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New Baby: Redefining Relationships

QUESTION: My husband and I always have had our disagreements, but we were able to forgive each other and make up when we had a fight. Since our baby was born, four months ago, we can't say a word to each other without an argument. I feel very sad because of his lack of support and understanding. As a result, I am becoming very attached to the baby and moving farther apart from him. He doesn't want to go and talk with a therapist. We are thinking about separating.

ANSWER: Becoming parents together is one of the greatest transitions of marriage. Increased demands for nurturing a newborn can only cement family relationships when a couple can channel their energy to meet the new challenges. Unfortunately, if couples are not able to negotiate the changes required by this stage, their relationship can deteriorate quite rapidly.

The birth of a baby is also the birth of a new definition of family. You must redefine your relationship to include the very meaningful roles of mother and father to your newborn. You are clearly attached to your baby, but is your husband bonding to his child? Has he spent any time caring for her without your presence? Does he feel that he influences the growth and development of his daughter? Does he feel empowered in his role as a new father, or alienated?

Two crucial developments could serve to save your marriage. First, build a communication bridge between you. Take long walks with the baby, perhaps while she naps in a stroller. Or, after she goes to sleep at night, begin getting reacquainted with one another. Start by sharing feelings about the changes in your life that have evolved since the baby arrived. Be sure to make room for "negative" feelings that either of you may have, but are afraid to express.

For example, your husband may be feeling resentful toward his daughter because of the amount of attention you give her. This is a common reaction for fathers, especially if their own childhood experience was somewhat painful or neglectful. Just witnessing, or experiencing, the love between mother and daughter can bring up primal feelings about our past relationships with our own parents. If your husband feels on the "outside" of this circle of love, he could be experiencing profound alienation.

You, too, may find yourself completely immersed in the mothering experience. If your own parents did not maintain a connection to one another in your childhood, you could be neglecting your own marriage as well. These are common pitfalls of this stage of family development.

But this is no reason to run away from the problem! It will only get better by facing it, and forming an alliance to move beyond such pain -- toward a new definition of family.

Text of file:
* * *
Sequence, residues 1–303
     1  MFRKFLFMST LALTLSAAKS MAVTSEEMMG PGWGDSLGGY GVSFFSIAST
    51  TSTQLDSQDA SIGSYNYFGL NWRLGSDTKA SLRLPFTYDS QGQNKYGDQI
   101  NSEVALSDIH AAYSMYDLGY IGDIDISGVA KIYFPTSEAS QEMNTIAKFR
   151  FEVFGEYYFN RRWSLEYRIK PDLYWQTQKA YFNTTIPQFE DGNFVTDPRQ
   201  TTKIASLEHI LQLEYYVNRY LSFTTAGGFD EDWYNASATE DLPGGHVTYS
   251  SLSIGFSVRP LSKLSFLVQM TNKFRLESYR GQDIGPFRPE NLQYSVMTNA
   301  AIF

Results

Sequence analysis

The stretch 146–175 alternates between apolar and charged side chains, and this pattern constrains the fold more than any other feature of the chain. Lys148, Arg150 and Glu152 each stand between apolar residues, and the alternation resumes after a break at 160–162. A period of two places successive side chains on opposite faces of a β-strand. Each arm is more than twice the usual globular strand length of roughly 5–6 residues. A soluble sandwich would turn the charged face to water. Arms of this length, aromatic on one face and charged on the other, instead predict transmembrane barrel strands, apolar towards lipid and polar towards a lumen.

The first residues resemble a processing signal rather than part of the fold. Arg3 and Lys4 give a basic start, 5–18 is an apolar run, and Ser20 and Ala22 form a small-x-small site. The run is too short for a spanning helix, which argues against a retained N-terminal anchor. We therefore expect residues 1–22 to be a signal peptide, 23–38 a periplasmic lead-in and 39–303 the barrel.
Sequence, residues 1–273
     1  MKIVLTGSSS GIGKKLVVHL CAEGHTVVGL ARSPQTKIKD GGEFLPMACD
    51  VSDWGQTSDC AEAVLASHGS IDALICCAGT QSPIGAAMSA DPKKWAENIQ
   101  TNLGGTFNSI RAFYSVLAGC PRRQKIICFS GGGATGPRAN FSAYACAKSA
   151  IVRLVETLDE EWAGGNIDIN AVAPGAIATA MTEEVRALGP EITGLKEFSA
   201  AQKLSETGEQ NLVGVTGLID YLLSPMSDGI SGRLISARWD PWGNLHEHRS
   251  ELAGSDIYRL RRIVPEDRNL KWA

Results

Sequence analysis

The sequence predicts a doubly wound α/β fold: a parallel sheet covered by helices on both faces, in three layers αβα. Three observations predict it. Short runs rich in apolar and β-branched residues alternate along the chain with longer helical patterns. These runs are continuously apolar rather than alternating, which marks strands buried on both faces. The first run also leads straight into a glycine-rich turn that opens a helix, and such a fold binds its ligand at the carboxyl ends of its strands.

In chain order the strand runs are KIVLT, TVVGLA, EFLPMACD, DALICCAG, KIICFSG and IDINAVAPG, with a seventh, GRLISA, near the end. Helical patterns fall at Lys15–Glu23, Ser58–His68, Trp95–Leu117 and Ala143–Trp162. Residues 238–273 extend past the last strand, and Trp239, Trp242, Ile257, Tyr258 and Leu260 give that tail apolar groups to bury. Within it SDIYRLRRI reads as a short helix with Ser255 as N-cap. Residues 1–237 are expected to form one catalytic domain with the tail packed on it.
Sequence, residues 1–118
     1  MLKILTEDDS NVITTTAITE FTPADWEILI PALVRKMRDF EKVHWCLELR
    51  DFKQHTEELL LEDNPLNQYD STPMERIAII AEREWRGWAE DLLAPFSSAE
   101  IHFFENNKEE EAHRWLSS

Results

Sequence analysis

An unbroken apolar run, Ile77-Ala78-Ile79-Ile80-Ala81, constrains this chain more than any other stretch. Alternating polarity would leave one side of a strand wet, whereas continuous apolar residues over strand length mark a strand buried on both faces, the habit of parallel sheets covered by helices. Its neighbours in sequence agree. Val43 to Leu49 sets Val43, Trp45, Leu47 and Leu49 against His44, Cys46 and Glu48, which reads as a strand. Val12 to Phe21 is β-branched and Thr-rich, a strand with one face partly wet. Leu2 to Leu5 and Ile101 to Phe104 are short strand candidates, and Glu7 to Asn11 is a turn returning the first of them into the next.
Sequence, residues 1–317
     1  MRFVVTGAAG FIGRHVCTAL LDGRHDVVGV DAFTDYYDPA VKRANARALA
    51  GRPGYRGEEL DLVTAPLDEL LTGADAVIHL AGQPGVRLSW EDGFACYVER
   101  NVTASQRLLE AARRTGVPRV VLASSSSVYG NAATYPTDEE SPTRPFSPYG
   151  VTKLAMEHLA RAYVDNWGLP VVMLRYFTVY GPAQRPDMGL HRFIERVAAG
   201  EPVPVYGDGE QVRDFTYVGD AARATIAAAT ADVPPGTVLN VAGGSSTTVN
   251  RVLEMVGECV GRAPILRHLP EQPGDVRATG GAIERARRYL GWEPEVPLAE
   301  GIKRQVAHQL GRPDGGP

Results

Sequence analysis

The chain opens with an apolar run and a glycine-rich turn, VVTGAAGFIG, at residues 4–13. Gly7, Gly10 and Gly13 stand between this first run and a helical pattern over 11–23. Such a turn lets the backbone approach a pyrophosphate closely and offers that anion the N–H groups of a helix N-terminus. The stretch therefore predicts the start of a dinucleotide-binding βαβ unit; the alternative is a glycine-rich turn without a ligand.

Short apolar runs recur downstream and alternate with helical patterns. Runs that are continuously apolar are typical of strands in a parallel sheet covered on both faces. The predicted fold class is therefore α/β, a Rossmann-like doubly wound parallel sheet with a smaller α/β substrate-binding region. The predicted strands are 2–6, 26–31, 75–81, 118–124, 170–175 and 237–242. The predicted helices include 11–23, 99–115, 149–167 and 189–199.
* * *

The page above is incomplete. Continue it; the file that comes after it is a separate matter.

Secondly, invite your husband to increase his participation in the direct physical care of your daughter. Encourage him toward finding the emotional meaning in parenting that you have developed. Joining a support group for new dads can help him find his place in the family. I suggest that you both do the couples exercises outlined in the articles to help you develop your shared vision for family. Invite your husband to be a partner in creating the family you want to be, rather than aborting it in midstream.


Gayle Peterson, MSSW, LCSW, PhD is a family therapist specializing in prenatal and family development. She trains professionals in her prenatal counseling model and is the author of An Easier Childbirth, Birthing Normally and her latest book, Making Healthy Families. Her articles on family relationships appear in professional journals and she is an oft-quoted expert in popular magazines such as Woman's Day, Mothering and Parenting. . She also serves on the advisory board for Fit Pregnancy Magazine.

Dr. Gayle Peterson has written family columns for ParentsPlace.com, igrandparents.com, the Bay Area's Parents Press newspaper and the Sierra Foothill's Family Post. She has also hosted a live radio show, "Ask Dr. Gayle" on www.ivillage.com, answering questions on family relationships and parenting. Dr. Peterson has appeared on numerous radio and television interviews including Canadian broadcast as a family and communications expert in the twelve part documentary "Baby's Best Chance". She is former clinical director of the Holistic Health Program at John F. Kennedy University in Northern California and adjunct faculty at the California Institute for Integral Studies in San Francisco. A national public speaker on women's issues and family development, Gayle Peterson practices psychotherapy in Oakland, California and Nevada City, California. She also offers an online certification training program in Prenatal Counseling and Birth Hypnosis. Gayle and is a wife, mother of two adult children and a proud grandmother of three lively boys and one sparkling granddaughter.

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